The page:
I wrote earlier this year about the development of an artificial ovary, and now research funded by leading health charity Diabetes UK has for the first time successfully demonstrated the potential of an artificial pancreas in pregnant women with Type 1 diabetes. The research was published in Diabetes Care and was led by Dr Helen Murphy of Cambridge University.
Pregnancy poses additional risks for women with diabetes as hormonal changes make it very difficult to keep blood glucose levels within a safe range, especially at night. As a result of high blood glucose levels, babies of women with diabetes are five times as likely to be stillborn, three times as likely to die in their first months of life and twice as likely to have a major deformity. Hypoglycaemia (low blood glucose) in pregnancy is a major cause of mortality in women and two in three mothers with pre-existing diabetes have Type 1 diabetes.
The study evaluated the performance of an artificial pancreas or ‘closed-loop insulin delivery system’ in ten pregnant women with Type 1 diabetes. The researchers found the device was able to automatically provide the right amount of insulin at the right time, maintain near normal blood glucose levels and, in turn, prevent nocturnal hypoglycaemia in both early and late pregnancy.
The artificial pancreas was created by combining a continuous glucose monitor (CGM) with an insulin pump, both of which are already used separately by many people with Type 1 diabetes. Previous studies have shown improved blood glucose control and reduced hypoglycaemia with overnight use of an artificial pancreas in children with Type 1 diabetes but this is the first time it has been successfully used in pregnant women with the condition.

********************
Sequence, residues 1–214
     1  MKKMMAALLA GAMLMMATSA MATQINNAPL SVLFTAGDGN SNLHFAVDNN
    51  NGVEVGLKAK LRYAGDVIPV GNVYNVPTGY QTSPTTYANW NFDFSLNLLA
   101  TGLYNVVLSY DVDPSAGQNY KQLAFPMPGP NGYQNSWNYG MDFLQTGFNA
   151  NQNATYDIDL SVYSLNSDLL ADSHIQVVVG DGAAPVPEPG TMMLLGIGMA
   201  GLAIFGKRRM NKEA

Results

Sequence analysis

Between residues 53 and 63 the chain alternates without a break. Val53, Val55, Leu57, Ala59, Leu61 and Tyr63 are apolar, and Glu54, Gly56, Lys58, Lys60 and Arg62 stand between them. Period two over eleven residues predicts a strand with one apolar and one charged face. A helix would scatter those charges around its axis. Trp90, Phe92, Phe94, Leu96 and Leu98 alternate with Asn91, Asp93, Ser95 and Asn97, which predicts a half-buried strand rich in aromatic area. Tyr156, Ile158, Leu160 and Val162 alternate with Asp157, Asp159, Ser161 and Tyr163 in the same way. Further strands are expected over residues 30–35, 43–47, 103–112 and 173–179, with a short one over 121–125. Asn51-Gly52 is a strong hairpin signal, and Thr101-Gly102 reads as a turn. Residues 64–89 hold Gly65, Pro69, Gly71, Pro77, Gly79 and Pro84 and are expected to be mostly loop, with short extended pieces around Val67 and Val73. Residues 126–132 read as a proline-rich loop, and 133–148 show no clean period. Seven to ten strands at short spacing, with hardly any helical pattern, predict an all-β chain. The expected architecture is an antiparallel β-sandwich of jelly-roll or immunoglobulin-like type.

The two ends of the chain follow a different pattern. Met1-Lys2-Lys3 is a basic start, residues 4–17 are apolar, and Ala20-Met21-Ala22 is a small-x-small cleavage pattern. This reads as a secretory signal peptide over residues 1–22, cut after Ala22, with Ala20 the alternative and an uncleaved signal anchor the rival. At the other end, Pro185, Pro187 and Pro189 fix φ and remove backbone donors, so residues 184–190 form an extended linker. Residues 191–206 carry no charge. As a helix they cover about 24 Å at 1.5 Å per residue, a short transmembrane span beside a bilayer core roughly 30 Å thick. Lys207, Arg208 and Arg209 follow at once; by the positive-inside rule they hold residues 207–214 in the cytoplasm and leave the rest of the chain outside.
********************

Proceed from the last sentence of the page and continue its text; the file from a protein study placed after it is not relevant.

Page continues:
For women with Type 1 diabetes, self-management is particularly challenging during pregnancy due to physiological and hormonal changes. Previous studies indicate that pregnant women with the condition spend an average of ten hours a day with glucose levels outside the recommended target. These high blood glucose levels increase the risk of congenital malformation, stillbirth, neonatal death, preterm delivery, macrosomia (oversized babies) and neonatal admission.
All of which makes this discovery of great potential benefit in terms of both saving, and improving the quality of life. This was only a small scale study so what is now needed is an extension to test larger numbers of women. Then to be able to take it out of the hospital and in to the home setting where it will be most valuable.